Compatibility) and easy to implement. Detector technology The optic fibres are positioned in front of the emitting LED and in front of the receiving photodiode or phototransistor (C Fig.22). This arrangement is used to: - position electronic components away from the monitoring point, - operate in confined areas or at high temperature, - detect very small objects (of around 1mm), - depending on the configuration of the fibre ends, operate in throughbeam or proximity mode, Note that extreme care must be taken with the connections between the emitting LED or receiving phototransistor and the optic fibre to minimise light signal losses.

AFig. 22  Principle of an optic fibre detector

b I nfluence quantities in detection by photoelectric systems


A number of factors can influence the performance of these detection systems. Some have been mentioned already: - distance (detector-object), - type of object to detect (diffusing, reflective or transparent substance, colour and size), - environment (light conditions, background, etc.).

6.6

Ultrasonic detectors
b Principle
Ultrasonic waves are produced electrically with an electroacoustic transducer (piezoelectric effect) supplied with electrical energy which it converted into mechanical vibrations by piezoelectricity or magnetostriction phenomena (C Fig. 23).

AFig. 23  Principle of an electroacoustic transducer

The principle involves measuring the time it takes for the acoustic wave to propagate between the sensor and the target. The speed of propagation is 340m/s in air at 20C, e.g. for 1m the measuring time is about 3ms. This time is measured by the counter built in a microcontroller. The advantage of ultrasonic sensors is that they can work over long distances (up to 10m) and, above all, detect any object which reflects sound, regardless of its shape or colour.

b Application (C Fig.24)
Excited by the high-voltage generator, the transducer (emitter-receiver), generates a pulsed ultrasonic wave (100 to 500kHz, depending on the product) which travels through the ambient air at the speed of sound. As soon as the wave meets an object, a reflected wave (echo) returns to the transducer. A microprocessor analyses the incoming signal and measures the time interval between the emitted signal and the echo. By comparing it with preset or ascertained times, it determines and monitors the status of the outputs. If we know the speed at which sound is propagated, we can calculate a distance using the following formula: D = T.Vs/2 where D: distance between detector and object, T: time elapsed between mission and reception of the wave, Ss: speed of sound (300m /s). The output stage monitors a static switch (PNP or NPN transistor) corresponding to an opening or closing contact, or provides an analogue signal (current or voltage) directly or inversely proportional to the measured distance of the object.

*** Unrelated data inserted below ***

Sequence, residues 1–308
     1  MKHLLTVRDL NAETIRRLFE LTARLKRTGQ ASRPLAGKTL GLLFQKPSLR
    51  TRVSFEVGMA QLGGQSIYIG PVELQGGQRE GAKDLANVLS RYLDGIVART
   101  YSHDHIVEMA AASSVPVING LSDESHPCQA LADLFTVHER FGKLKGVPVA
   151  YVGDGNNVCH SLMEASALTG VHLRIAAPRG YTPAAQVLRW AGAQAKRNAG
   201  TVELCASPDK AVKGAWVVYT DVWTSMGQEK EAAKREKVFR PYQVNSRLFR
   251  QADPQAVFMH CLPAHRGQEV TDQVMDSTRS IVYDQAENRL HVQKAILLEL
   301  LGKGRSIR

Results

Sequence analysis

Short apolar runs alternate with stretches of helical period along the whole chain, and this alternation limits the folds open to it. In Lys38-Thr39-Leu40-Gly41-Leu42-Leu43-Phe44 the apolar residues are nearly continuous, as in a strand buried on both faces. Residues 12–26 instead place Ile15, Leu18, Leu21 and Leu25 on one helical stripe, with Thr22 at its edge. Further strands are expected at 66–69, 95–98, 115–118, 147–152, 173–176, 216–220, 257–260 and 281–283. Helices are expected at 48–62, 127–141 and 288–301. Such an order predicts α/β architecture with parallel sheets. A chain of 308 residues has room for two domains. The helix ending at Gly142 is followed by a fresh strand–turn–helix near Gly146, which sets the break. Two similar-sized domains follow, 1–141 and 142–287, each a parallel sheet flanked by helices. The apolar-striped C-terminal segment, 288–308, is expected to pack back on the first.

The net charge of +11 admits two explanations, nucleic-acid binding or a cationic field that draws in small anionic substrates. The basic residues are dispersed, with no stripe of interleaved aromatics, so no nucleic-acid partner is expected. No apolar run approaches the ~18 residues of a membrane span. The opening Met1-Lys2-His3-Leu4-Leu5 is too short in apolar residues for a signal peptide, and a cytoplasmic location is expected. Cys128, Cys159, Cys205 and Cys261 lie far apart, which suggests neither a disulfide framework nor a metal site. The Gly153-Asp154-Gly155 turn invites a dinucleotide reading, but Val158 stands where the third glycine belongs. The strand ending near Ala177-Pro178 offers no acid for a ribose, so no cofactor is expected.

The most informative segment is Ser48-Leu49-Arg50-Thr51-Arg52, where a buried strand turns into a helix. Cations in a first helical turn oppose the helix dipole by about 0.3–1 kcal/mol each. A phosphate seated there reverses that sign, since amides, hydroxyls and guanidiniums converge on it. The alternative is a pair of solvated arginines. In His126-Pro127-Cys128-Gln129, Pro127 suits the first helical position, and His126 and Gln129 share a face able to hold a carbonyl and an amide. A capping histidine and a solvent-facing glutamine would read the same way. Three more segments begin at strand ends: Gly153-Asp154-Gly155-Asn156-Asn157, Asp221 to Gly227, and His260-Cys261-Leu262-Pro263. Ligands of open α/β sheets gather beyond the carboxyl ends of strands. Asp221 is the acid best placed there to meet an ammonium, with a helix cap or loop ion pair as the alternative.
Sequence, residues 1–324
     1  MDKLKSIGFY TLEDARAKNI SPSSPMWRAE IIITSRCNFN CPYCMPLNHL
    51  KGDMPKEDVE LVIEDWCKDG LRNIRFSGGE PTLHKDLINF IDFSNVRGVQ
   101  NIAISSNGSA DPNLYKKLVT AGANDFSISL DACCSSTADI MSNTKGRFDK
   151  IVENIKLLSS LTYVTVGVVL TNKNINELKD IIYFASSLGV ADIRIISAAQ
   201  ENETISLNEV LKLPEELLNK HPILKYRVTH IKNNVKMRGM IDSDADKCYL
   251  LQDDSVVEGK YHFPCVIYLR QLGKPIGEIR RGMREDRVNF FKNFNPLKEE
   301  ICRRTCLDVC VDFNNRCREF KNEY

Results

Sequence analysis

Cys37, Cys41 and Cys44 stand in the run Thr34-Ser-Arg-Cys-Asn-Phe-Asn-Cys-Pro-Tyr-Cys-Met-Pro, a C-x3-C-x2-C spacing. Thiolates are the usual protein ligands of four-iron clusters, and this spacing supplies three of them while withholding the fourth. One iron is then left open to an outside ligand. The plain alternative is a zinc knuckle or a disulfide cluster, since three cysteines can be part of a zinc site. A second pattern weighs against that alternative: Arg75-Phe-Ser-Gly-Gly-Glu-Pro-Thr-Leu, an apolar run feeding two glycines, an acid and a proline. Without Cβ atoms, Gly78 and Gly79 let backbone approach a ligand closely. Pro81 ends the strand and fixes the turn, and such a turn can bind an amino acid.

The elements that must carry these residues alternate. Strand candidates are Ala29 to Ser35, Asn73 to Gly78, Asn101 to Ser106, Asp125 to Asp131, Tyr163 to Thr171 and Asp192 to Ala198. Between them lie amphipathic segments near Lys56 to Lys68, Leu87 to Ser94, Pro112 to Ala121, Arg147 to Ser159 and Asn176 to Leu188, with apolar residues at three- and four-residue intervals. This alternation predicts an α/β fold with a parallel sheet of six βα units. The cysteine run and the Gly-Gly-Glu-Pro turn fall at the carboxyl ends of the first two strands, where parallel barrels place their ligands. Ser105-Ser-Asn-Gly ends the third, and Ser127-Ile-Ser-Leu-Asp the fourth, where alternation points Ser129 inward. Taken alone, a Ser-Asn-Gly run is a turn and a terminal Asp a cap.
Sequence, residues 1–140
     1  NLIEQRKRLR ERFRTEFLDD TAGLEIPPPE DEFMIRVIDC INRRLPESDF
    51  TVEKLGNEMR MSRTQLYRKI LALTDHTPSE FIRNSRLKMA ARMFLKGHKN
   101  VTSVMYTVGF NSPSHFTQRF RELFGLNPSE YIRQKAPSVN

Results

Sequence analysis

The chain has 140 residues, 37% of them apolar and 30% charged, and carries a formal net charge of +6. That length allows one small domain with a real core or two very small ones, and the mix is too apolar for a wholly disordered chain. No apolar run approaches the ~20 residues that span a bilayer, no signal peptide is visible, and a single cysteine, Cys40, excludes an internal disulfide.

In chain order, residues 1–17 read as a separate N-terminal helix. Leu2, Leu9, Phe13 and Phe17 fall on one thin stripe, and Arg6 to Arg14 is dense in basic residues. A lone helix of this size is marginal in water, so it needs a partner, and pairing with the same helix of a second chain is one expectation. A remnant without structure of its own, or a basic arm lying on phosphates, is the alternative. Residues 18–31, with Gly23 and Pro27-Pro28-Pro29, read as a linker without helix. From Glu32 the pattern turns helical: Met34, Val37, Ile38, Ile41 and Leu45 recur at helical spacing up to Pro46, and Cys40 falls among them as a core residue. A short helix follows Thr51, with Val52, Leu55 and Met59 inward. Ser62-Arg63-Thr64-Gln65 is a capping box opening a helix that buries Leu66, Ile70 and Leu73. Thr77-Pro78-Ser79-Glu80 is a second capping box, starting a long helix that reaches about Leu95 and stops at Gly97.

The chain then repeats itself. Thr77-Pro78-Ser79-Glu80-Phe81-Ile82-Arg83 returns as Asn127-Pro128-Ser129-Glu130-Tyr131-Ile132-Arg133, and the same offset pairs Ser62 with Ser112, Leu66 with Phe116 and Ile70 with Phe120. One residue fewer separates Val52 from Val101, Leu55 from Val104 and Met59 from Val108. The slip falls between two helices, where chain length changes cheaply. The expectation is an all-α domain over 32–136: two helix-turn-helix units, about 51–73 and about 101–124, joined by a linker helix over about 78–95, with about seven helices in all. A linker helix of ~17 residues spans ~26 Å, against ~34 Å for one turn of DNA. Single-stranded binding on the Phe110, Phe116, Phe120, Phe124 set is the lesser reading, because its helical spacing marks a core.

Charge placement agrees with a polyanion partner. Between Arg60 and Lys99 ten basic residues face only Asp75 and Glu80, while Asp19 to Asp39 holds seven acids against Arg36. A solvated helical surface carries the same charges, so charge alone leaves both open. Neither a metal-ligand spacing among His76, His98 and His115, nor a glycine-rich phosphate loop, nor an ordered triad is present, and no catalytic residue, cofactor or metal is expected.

142

AFig. 24  Principle of an ultrasonic detector

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6.6

Ultrasonic detectors

b Specific features of ultrasonic sensors


v Definitions (C Fig.25) Blind zone: zone between the sensing face of the detector and the minimum range where no object can be reliably detected. It is impossible to detect objects correctly in this zone. Objects should never be allowed through the blind zone when the detector is operating as this could make the outputs unstable. Detection zone: the area within which the detector is sensitive. Depending on the model, this zone can be adjustable or fixed with an ordinary push button. Influence quantities: ultrasonic detectors are especially suitable for detecting hard objects with a flat surface perpendicular to the detection axis. However, there are a number of factors that can disrupt ultrasonic detector operation: - Sudden strong draughts can accelerate or divert the acoustic wave emitted by the object (part ejected by air jet). - Steep temperature gradients in the detection field. When an object gives off a lot of heat, this creates differing temperature zones which alter the wave propagation time and prevent reliable detection. - Sound-absorbing materials. Materials such as cotton, cloth and rubber absorb sound; the reflex detection mode is advised for products made of these. - The angle between the front of the target object and the detectors reference axis. When this angle is other than 90, the wave is not reflected in the detector axis and the working range is reduced. The greater the distance between the object and the detector, the more apparent this effect is. Beyond 10, detection becomes impossible. - The shape of the object to detect. Owing to the above-mentioned factor, very angular objects are more difficult to detect. v Operating mode (C Fig.26) Diffuse mode: a single detector emits the sound wave and senses it after it has been reflected by an object. In this case, it is the object that reflects the wave. Reflex mode: a single detector emits the sound wave and receives it after reflection by a reflector, so the detector is permanently active. In this case, the reflector is a flat, rigid part, such as a part of the machine. The object is detected when the wave is broken. This mode is especially suited to detecting absorbent substances or angular objects. Through-beam mode: the through-beam system consists of two separate products, an ultrasonic emitter and a receiver, set opposite each other.

AFig. 25  Working limits of an ultrasonic detector

AFig. 26  Uses of ultrasonic detection. a/ In  proximity or diffuse mode, b/ In reflex mode